Amnesty International, a human right organisation, has accused the armed forces of Cameroon of committing extrajudicial executions.
In a statement on Thursday, Samira Daoud, deputy director of Amnesty International’s West Africa office, spoke of its investigation into a video showing how soldiers killed women and children at a local village indicted the Cameroonian military.
Even though the ministry of information in Cameroon had dismissed the video as fake, the organisation said extensive analysis of the weapons, dialogue and uniforms that feature in the video, coupled with digital verification techniques and testimonies strongly suggest that the perpetrators of the executions are Cameroonian soldiers.
According to Amnesty International’s analysts, the video was likely filmed in the Mayo Tsanaga area in the far north region of the country.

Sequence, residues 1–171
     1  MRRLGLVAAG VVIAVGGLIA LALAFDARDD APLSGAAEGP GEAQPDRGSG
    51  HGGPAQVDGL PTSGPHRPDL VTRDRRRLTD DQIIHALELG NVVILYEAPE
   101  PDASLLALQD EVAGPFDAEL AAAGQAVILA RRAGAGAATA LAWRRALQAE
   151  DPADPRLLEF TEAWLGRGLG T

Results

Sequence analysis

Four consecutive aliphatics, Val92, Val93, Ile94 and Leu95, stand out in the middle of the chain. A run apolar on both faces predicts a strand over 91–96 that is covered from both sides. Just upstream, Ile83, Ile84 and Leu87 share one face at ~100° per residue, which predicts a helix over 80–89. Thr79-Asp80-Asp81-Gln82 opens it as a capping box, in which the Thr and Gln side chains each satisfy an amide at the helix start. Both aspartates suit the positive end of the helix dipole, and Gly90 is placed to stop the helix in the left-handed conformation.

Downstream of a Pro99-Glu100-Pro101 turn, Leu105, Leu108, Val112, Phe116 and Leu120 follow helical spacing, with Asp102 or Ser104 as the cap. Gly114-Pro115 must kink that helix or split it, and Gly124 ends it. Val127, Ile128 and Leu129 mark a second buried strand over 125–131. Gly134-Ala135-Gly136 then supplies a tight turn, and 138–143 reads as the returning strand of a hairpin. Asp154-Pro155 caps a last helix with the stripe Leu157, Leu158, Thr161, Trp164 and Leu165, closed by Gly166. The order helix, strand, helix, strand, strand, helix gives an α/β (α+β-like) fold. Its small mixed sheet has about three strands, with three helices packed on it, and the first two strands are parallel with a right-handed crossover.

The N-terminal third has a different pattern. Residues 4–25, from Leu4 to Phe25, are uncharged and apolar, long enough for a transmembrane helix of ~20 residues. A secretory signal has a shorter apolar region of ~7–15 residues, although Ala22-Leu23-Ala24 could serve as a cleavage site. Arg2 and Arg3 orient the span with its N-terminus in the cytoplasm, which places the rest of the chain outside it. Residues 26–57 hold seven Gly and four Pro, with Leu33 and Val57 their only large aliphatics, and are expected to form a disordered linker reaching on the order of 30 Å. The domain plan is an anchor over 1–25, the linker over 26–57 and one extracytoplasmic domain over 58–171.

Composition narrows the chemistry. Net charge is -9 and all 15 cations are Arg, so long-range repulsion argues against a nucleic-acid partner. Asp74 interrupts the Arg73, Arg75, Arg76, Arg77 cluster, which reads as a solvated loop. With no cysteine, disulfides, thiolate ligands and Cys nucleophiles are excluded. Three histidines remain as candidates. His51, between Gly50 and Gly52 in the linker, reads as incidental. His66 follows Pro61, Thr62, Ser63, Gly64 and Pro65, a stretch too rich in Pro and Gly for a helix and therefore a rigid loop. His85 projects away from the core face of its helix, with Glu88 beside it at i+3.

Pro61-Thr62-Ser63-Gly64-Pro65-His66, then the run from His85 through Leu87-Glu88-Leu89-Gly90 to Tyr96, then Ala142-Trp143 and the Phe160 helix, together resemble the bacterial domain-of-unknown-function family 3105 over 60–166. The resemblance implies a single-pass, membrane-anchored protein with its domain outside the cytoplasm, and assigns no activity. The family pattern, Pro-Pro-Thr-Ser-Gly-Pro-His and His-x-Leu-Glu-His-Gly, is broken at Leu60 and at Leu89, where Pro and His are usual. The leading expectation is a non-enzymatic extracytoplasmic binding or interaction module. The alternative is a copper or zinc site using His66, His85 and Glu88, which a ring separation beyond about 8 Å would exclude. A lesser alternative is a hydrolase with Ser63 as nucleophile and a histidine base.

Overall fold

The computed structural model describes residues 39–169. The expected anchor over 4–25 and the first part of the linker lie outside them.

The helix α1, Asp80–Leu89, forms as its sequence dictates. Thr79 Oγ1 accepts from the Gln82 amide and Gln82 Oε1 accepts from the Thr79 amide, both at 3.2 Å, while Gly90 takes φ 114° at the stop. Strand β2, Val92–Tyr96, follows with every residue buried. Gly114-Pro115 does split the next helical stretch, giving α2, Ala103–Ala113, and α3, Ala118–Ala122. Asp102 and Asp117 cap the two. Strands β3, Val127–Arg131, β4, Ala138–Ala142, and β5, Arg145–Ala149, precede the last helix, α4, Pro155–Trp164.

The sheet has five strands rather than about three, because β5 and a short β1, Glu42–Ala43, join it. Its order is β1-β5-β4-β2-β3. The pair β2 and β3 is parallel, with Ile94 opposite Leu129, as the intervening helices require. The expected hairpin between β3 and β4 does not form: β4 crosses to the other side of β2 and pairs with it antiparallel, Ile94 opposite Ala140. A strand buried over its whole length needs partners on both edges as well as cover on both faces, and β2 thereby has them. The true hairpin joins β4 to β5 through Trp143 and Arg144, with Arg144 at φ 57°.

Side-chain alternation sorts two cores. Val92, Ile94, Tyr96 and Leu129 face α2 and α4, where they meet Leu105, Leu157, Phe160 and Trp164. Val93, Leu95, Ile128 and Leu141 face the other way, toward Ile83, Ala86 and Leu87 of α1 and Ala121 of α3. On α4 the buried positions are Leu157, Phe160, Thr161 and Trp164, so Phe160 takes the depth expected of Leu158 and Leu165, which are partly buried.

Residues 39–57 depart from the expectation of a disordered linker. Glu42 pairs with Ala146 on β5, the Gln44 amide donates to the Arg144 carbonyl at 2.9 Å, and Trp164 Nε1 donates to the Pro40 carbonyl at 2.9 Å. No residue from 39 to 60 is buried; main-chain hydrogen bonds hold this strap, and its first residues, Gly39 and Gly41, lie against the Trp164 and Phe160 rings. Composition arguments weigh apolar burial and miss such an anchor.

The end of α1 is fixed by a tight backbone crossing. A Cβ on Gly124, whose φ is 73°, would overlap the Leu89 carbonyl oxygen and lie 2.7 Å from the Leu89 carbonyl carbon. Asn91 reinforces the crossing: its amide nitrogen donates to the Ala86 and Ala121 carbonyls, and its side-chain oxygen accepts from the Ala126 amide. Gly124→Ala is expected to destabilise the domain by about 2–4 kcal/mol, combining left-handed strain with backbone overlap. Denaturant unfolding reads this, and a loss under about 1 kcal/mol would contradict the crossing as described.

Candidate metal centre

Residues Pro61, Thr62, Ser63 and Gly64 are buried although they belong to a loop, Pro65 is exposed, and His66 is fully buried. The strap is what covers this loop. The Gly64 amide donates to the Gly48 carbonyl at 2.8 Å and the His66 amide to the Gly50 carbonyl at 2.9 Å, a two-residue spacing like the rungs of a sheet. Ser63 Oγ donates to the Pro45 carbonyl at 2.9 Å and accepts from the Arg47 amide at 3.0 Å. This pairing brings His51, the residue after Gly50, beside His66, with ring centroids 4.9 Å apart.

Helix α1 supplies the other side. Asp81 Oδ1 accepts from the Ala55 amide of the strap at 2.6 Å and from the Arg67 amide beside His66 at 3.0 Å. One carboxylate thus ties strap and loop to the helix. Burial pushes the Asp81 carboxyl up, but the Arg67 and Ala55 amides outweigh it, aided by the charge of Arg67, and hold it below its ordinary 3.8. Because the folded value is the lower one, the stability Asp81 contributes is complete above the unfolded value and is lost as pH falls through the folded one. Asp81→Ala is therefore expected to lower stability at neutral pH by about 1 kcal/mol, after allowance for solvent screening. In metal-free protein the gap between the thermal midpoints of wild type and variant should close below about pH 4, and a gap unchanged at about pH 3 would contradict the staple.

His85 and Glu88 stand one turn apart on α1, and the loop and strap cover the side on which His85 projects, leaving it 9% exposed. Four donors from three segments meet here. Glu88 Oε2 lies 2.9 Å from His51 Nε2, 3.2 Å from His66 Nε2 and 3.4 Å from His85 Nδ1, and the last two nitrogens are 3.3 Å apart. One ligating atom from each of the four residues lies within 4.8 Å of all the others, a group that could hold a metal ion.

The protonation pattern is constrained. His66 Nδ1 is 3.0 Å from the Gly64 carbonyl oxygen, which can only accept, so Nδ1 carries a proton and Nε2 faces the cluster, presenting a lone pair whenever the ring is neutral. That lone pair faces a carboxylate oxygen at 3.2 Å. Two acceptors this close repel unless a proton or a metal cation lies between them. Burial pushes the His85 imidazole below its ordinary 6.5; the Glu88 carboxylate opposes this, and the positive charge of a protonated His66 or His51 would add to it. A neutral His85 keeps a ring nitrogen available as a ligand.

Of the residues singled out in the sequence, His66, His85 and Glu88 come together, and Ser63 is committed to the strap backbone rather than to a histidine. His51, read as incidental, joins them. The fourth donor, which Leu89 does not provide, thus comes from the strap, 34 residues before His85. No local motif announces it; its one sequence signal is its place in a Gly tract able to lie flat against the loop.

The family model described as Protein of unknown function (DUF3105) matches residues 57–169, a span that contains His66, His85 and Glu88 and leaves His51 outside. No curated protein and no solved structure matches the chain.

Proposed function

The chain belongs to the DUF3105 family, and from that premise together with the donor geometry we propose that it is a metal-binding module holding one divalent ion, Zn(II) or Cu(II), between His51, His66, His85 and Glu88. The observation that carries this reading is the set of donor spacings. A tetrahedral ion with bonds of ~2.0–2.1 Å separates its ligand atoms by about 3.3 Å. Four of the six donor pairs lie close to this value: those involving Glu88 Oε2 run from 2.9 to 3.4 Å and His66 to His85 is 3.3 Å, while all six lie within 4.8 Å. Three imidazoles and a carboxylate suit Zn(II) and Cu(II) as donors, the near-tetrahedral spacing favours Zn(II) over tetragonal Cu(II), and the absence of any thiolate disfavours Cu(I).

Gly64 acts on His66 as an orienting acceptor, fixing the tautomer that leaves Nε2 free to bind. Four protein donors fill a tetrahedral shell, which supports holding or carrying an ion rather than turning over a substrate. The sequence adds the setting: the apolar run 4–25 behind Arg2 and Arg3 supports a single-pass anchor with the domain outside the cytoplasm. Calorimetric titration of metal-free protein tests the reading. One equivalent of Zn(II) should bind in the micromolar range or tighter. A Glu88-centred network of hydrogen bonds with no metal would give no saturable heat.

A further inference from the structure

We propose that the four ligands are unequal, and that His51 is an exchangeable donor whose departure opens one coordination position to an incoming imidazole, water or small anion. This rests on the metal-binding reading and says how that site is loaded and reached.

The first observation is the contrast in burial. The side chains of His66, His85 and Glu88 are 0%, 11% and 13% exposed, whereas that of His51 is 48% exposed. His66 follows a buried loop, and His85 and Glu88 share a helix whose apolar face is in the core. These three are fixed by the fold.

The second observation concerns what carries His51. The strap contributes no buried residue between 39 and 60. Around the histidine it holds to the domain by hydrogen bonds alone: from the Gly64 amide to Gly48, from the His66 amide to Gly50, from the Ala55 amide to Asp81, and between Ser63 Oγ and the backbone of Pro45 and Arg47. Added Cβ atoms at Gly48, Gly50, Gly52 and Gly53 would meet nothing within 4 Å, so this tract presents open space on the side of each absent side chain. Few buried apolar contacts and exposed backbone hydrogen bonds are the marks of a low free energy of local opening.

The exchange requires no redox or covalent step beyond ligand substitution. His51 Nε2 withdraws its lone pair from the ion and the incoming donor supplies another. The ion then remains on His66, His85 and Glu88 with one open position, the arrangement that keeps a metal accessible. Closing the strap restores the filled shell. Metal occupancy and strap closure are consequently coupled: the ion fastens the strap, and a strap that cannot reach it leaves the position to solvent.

The vegetation is generally consistent and matches other footage from the area.
“The Cameroonian authorities’ initial claim that this shocking video is fake simply doesn’t stand up to scrutiny,” he said.
“We can provide credible evidence to the contrary. Given the gravity of these horrific acts – the cold blooded and calculated slaughter of women and young children – these hasty and dismissive denials cast serious doubt over whether any investigation will be genuine.
“It is imperative that a proper, impartial investigation is undertaken and those responsible for these abhorrent acts are brought to justice.
“The evidence we have provided forms a firm basis for strongly suggesting that the individuals committing these atrocities are members of Cameroon’s armed forces. Some individuals are clearly identifiable and cannot be allowed to get away with such a heinous act with impunity.
“While the crimes under international law, including war crimes, and human rights violations committed by Boko Haram in Cameroon are despicable, absolutely nothing can justify the crimes being committed by some members of the armed forces.”
The organisation demanded that soldiers be brought to justice in fair trials before ordinary civilian courts.